• As spaces to enable and support development of a peer learning community (open
or closed) with feedback, discussion, and development and exchange of ideas.
• As self-managed portfolios – using tags, categories and/or titles to tie posts to
chartership criteria, or key concepts.
• As a place to develop professional skills, communication and public engagement
skills and experience, to build a positive digital presence related to their studies or
experience of student life.
See: Sinclair (2016); Kerawalla et al (2008); Farmer, Yue & Brooks (2008); Bennett et al (2012); Ellison and Wu
(2008); Oravec (2003); Top (2012); Killeavy and Moloney (2010); Xie, Ke and Sharma (2008).
Blogging can be collaborative and/or
very personal learning spaces
Twitter in Teaching & Learning
• Activity can focus around a course or topic hashtag, “Twittorials” (see
Sinclair 2016), scheduled Twitter Chats (e.g. #LTHEchat).
• Network building and development as part of class or assessed work, such
as eliciting feedback or contribution to a piece of work, directly contacting
a key figure for comment, collaboratively creating a piece of work through
Twitter, professional skills tasks.
• Writing and storytelling tasks encouraging creative response, work within
tight character restrictions, creative play or character adoption/parody
(e.g. @AdultTrump @cdarwin, etc.)
• Original research – gathering responses to formal surveys or informal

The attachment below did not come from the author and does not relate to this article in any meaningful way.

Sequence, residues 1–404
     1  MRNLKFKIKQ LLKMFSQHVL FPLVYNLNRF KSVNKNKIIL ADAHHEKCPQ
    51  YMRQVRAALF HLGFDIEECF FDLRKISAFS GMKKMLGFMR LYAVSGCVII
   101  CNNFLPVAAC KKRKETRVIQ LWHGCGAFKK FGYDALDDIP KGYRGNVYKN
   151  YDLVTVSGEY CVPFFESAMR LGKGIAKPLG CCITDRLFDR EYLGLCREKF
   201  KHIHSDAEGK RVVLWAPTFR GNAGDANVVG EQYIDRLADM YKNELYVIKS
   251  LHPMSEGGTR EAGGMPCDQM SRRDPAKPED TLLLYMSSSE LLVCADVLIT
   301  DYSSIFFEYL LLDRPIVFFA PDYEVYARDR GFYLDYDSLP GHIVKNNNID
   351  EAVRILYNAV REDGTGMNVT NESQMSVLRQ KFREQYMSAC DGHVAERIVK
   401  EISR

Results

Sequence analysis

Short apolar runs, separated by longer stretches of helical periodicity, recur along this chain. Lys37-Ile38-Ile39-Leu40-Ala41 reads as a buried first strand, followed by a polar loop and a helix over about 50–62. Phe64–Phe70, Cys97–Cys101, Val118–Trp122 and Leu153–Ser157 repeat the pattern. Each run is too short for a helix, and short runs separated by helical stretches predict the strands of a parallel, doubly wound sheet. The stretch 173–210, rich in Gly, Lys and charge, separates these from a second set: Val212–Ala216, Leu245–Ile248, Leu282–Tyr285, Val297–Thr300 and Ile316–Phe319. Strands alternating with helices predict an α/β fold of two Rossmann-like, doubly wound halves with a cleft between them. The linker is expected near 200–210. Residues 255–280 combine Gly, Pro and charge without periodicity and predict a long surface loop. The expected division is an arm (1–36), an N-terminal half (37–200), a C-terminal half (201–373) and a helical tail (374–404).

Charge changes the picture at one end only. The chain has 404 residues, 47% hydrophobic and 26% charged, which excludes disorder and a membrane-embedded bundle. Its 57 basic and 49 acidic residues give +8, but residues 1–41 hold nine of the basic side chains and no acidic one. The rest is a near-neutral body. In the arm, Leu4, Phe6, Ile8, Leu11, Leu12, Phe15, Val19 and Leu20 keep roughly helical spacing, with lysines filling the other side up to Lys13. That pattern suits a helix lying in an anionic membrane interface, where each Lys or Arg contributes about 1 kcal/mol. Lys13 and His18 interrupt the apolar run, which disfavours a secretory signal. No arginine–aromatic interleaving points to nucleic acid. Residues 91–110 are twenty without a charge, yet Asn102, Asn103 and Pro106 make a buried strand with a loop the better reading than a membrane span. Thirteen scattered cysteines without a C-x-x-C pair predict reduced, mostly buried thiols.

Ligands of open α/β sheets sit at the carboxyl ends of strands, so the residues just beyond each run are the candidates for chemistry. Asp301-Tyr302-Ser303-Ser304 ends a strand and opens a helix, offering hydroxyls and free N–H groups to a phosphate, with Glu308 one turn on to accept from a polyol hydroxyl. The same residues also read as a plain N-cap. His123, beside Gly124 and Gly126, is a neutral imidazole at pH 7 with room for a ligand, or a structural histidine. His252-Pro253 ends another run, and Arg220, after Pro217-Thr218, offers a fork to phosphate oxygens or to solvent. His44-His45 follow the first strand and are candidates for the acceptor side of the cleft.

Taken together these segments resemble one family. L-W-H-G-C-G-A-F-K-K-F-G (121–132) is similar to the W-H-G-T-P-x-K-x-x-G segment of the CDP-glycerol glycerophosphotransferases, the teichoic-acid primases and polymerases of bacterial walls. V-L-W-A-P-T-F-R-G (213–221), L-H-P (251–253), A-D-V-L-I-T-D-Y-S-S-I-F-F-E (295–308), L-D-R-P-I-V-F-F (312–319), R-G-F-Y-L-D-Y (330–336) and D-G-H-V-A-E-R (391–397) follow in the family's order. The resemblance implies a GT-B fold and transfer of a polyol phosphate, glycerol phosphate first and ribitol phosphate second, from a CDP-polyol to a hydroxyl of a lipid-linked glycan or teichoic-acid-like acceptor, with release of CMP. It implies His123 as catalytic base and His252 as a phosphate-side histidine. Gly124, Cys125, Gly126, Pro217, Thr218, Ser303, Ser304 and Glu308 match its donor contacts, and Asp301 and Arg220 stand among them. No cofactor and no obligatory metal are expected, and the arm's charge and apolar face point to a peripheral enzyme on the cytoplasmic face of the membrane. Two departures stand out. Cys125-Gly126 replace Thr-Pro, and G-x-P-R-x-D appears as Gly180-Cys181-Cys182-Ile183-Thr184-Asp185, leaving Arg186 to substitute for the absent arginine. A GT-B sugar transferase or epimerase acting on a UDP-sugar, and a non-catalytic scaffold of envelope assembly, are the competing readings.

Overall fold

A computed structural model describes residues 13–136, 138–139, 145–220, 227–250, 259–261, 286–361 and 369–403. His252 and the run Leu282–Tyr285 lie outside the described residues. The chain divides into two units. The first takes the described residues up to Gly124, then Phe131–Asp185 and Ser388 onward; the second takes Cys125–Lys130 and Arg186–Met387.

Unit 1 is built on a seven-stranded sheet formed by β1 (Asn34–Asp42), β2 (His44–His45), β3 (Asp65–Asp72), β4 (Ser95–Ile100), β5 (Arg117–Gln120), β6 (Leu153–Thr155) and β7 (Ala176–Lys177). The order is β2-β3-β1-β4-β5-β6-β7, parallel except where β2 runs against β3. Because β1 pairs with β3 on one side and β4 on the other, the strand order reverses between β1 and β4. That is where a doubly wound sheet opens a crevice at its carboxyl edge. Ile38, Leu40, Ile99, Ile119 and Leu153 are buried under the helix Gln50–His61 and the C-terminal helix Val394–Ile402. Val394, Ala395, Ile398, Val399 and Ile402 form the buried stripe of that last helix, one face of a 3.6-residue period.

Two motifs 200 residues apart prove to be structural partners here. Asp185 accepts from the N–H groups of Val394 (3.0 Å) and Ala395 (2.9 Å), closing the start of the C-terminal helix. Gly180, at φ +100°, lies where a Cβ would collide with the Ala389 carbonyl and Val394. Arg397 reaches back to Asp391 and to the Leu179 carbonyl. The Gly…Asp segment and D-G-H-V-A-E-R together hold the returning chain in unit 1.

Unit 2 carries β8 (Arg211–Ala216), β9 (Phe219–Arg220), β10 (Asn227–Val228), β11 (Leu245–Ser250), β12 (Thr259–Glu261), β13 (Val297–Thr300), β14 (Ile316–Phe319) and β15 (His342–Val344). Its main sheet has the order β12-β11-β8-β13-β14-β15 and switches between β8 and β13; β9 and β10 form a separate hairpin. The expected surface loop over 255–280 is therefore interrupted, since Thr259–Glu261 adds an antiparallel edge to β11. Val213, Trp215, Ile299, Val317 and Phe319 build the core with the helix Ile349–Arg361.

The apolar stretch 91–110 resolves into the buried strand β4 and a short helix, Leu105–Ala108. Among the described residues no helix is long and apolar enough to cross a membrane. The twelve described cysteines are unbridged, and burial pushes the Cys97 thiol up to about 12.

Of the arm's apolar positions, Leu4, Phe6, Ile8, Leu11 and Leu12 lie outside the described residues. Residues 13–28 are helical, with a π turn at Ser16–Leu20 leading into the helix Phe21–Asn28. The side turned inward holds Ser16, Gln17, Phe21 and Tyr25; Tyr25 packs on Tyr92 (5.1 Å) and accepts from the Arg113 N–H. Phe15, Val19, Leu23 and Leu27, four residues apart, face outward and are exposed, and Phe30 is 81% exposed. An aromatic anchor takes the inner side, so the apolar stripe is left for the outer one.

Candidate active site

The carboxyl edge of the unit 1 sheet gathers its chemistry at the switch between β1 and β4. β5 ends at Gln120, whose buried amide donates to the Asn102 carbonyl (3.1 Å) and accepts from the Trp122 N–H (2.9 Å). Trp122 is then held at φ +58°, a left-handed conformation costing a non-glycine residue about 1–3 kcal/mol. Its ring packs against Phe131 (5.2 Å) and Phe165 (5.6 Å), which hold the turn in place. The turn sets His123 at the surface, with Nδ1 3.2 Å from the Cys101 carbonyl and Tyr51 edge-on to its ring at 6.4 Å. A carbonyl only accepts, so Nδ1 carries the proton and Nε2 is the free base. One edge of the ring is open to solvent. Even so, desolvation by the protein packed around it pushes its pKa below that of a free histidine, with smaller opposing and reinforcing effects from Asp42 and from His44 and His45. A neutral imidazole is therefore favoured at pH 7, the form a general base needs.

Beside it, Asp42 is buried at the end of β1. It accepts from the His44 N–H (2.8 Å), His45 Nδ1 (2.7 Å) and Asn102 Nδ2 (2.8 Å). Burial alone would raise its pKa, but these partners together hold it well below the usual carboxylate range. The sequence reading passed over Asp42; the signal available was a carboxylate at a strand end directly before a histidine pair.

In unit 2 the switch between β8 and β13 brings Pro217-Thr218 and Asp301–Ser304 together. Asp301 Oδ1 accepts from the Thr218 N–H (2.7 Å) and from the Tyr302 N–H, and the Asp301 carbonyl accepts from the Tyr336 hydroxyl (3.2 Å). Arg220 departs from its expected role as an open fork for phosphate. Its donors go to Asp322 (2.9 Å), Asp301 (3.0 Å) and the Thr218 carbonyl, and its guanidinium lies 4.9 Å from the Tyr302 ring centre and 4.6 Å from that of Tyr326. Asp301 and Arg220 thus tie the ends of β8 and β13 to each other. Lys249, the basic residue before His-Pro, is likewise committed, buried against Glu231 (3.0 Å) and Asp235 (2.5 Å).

Twitter polls through Twitter that feeds into other work.
• Subject specific critical reflection on developing public discourse and news
agenda around current events and/or trends or memes, discussion of
information and content sharing patterns, data analysis using tools and/or
coding with the API, etc.
Twitter is a powerful tool…
It can be productive, supportive and playful but it can also be a troll-ridden
environment for sensitive topics and needs to be used with appropriate
• Be thoughtful about the kinds of appropriate tasks
you set for students and/or in guiding students who
are undertaking their own projects in the space.
• Provide guidance to students on when to
engage/when to walk away
• Understand the space yourself so that you are able
to answer questions and support your students in
case of issues.
• Engage and recognise and reward good practice,
scaffold poor or problematic behaviours (as you
would in any other space).
• Know and make students aware of processes for